Daughter, beginning student of Latin: “Mom, does that mean the walrus smells good?”
Recently, I heard a scholar explain his inability to supply information with what I think of as the “oral history excuse:” knowledge on that subject must be closely held within a Native community because he’d never heard of it.
I tried not to smile as the thought flew through my head: That’s the inverse of the “white purge excuse:” primary sources can’t possibly exist because of the long-standing conspiracy to cover up.
Both paraphrase: “I can’t find any evidence for or against my theory, but it is pointless to inquire when the sources are controlled by secret forces.”
The ground is shifting beneath our feet in the research world. On good days it feels disconcerting. On bad days it feels scary. Or maybe I was just naive. Five years ago someone with a PhD assured me that I could write a book, and if I did a solid job of research, count on the story having “ten-year legs.”
Thanks to digitization and connectivity, stories change every day. To get to my next book I will have to rig mental blinders to block out leads that were not available to me two years ago, researching the first one.
Doesn’t that sound like another excuse? “Been there, done that. Onward and upward.”
It’s the conundrum others try to explain away with the idea that nameless, faceless Boogeymen control the sources. To produce a product –presentation, documentary, book –we must call an end to information collection.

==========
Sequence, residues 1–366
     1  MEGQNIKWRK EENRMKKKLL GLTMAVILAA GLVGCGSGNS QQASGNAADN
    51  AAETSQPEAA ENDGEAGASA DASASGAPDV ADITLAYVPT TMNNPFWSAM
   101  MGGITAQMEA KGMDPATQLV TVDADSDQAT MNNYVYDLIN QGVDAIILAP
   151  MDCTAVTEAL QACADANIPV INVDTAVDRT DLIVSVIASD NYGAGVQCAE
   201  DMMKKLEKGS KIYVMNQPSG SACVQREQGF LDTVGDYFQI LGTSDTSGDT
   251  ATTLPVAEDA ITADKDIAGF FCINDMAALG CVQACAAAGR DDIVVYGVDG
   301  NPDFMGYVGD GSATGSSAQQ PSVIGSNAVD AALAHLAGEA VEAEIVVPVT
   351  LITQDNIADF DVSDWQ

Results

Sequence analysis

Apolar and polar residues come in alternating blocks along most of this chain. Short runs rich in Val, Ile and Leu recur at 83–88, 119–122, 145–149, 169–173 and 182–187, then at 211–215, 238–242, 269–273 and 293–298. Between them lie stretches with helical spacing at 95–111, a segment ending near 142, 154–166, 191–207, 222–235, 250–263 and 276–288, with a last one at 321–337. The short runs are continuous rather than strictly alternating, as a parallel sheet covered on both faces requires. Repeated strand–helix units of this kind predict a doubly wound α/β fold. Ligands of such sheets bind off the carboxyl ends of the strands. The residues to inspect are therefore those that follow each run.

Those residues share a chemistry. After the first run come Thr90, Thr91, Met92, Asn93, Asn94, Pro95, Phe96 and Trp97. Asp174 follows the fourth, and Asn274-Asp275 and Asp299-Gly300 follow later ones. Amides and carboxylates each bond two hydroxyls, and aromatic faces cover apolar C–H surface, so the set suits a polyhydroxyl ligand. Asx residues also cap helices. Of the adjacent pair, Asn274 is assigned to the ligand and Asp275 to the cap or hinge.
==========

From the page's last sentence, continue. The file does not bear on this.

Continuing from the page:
Who wants to think that the research was stale even while it was being conducted? Far gentler to posit that we are smart people thwarted by a more powerful, invisible Other.
Otherwise we’ll have to own up to the fact that none of us is an authority. And if we are not an authority, why would anyone hire our services? Consider our grant? Read our book?
There is dawning recognition that what is good for us (as authors) is also good for history. The perceived prestige of authorial “authority” is beginning to cede to the good –to the breadth –of our work.
We can’t not collaborate. Unless the point is to produce a dry, wholesome cracker of a story. Even if we manage to sell it, we’ll have our socks revised off by the people with whom we might have collaborated to our mutual benefit.
Why? Not because sources are so rare we must hoard them or so difficult only professionals can interpret them. Rather, there are so many sources to consider that if we don’t open our arms to give and to receive, it will be hard for any of us to tell a meaningful story.
Collaboration is also a path of reconciliation. It says, “I want to listen. Your stories enrich mine.” Even if it takes years.
It is the opposite of making excuses that let us off the hook –excuses that leave us, walrus-like, insulated in the blubber of our own authority.